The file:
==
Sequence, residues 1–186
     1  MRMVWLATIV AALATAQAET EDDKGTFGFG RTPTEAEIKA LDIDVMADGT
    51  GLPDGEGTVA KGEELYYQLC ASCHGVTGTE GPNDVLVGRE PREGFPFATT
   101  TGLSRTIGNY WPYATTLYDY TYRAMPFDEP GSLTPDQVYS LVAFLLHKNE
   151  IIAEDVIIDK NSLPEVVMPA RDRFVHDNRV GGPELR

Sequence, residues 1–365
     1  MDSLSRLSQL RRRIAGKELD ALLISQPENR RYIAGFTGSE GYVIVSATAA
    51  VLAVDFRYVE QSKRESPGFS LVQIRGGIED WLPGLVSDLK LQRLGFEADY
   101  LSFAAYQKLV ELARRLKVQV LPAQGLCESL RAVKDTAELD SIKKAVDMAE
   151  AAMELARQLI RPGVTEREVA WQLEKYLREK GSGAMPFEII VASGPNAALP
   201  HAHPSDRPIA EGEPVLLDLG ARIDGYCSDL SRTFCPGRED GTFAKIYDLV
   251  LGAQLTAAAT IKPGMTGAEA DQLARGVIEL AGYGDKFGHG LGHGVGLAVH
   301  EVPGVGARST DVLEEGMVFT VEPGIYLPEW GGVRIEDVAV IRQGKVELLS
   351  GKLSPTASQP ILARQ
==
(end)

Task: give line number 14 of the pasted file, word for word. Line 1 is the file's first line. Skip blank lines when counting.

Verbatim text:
   351  GKLSPTASQP ILARQ